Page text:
Thanks for the prompt feedback!
On Sun, 26 Mar 2017 09:37:07 -0700
"Sterling Hughes" <firstname.lastname@example.org> wrote:
I’d like to point to Mynewt’s socket APIs as a reference here, a
couple of things we considered:
Thanks for MyNewt references on the matter, I'll finally have a good
excuse to look into again (the time for which I couldn't find for a
1- Don’t keep POSIX names unless you are going to be POSIX
compliant. When running the system simulated, it’s often helpful to
use system sockets to communicate and do things, if you use POSIX
names you have conflicts.
Sure, the "BSD Sockets like API" functions would be still
prefixed/namespaced (I actually wanted to bring up a separate
discussion on namespacing of Zephyr APIs). Then if/when it reaches
enough parity that there could be a talk of porting existing apps with
minimal changes, there would be just a header with stuff like:
#define bind net_sock_bind
1a- This also allows you to have a “true” POSIX mapping layer
on top, for people who have more memory and truly want socket-level
2- FDs just waste memory, add locking and make things harder to
debug, use socket structures.
Agree. That was one of the 1st question I got at the minisummit, and my
answer was: "well, we could waste some memory by adding the FD table to
map small integers to underlying structures, but why?". Indeed, by just
casting pointers to integers, we can go a long, long way of using this
API and porting existing apps.
Generally, the work of adding well-known APIs is just a precursor (or
a subset) of implementing much bigger chunk of POSIX functionality and
making Zephyr much more POSIX compliant. So, I leave FDs introduction,
etc. to these later stages of work.
3- Allow for multiple socket providers
that way it should be easy to “offload” the IP stack for cases (e.g.
WINC1500) where the IP stack is not on-chip, or where somebody wants
to use an existing commercial/industrial IP stack.
Right. Our initial prototyping team here at Linaro consists of Gil
Pitney and me. Gil works on integrating TI CC3200 into Zephyr, and it
has networking offloading at many different levels, and the point is
exactly to consider whether it makes sense to consider offloading on BSD
Sockets API layer, in addition to various layers he already works on.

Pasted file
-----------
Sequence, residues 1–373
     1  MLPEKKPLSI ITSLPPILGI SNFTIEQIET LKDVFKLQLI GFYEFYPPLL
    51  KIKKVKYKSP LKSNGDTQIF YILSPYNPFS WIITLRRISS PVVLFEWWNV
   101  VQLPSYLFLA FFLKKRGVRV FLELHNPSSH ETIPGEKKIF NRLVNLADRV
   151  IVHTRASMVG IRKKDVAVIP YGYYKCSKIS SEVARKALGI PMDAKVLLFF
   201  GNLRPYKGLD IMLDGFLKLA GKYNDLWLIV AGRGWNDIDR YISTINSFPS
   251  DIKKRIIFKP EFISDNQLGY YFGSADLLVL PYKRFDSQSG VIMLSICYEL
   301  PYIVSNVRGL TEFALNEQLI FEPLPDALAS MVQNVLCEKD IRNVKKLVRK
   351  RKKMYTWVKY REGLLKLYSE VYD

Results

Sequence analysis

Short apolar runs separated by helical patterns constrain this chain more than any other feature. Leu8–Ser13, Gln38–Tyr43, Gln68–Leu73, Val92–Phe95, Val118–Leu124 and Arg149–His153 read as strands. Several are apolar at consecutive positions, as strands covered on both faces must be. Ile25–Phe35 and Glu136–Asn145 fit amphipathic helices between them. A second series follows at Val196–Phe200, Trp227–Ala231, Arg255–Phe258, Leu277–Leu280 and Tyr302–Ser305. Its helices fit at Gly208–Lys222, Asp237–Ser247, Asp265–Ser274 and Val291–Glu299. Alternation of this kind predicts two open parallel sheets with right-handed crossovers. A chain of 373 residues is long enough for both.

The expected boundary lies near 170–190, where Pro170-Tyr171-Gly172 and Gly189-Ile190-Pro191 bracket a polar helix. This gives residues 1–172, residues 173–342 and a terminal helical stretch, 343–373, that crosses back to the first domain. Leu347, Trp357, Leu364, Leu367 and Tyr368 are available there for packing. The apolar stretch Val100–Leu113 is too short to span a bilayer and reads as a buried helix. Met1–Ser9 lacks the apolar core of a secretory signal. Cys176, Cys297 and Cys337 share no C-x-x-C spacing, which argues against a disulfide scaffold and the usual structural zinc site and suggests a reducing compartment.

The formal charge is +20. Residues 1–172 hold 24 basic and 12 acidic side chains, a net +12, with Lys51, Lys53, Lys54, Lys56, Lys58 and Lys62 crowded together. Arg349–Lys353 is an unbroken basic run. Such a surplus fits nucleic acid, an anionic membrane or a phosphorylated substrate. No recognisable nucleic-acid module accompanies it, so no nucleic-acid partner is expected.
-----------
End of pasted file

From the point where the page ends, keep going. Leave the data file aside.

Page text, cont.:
So, good point, and thanks for the pointer, we'll have a look how
MyNewt does that.
4- If you are interested in unifying this API with Mynewt, we’d be
happy to talk about agreeing on a unified API for sub-embedded
I'll definitely have a look and see what commonality can be achieved,
hope Gil will provide feedback too.
On 26 Mar 2017, at 9:06, Paul Sokolovsky wrote:
Support for BSD Sockets API in Zephyr is one of the frequently asked
features from different parties. Possibility of such support was a
of discussions at the recent OpenIoT Summit Portland and Zephyr
Mini-summit Budapest. I'm happy to report that I didn't hear a
single "cons" vote, most people I heard or talked with were
positive that they
either interested in it themselves, or it least OK with it if it's
properly layered and doesn't bloat existing networking API.
So, based on that, Linaro Zephyr team would like to proceed with
bootstrapping work on this, collecting initial requirements, and
starting prototyping. I submitted a Jira Epic
https://jira.zephyrproject.org/browse/ZEP-1921 for this feature,
which has a detailed, even if maybe somewhat unstructured
discussion of initial ideas/requirements.
I won't paste it here, instead inviting interested parties to read
it there. Instead, here's a summary of the initial ideas:
1. There's no talk about implementing complete 100% (or 99.9%) POSIX
compliant sockets API. We may get there eventually, but that would
require stakeholders for each expensive or hard to implement
feature. The current approach is that we value lightweight nature
of Zephyr, and
looking towards finding a minimal set of changes (additions) to
BSD Sockets *like* API to Zephyr.
2. The specific featureset of the initial interest is as follows.
The current Z networking API is push-based, where the OS pushes
data into an application (via a callback). Whereas BSD Sockets API
where an application asks OS for new data to process, when an
application feels like. Implementing this pull-style API is the
initial focus of the effort.
3. The work is going to be guided by porting efforts of an actual
application which needs BSD Sockets API (MicroPython). That would
as an initial (out-of-tree) prototype, with relevant code to be
optimized and merged in-tree for wider reuse.
Consequently, questions to the Zephyr community:
1. Are you interested in BSD Sockets like API?
2. Does the plan above sound good? Any important points to take
care of right from the beginning?
3. Or would you do something differently?
4. Any other feedback is appreciated.
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